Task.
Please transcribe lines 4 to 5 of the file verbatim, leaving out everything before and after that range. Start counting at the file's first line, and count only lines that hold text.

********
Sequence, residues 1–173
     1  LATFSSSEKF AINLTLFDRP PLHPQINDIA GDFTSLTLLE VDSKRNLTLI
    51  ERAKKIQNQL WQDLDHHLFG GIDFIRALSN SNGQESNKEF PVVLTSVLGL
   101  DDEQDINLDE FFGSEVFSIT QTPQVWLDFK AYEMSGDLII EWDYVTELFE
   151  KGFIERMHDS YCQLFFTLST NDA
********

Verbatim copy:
   101  DDEQDINLDE FFGSEVFSIT QTPQVWLDFK AYEMSGDLII EWDYVTELFE
   151  KGFIERMHDS YCQLFFTLST NDA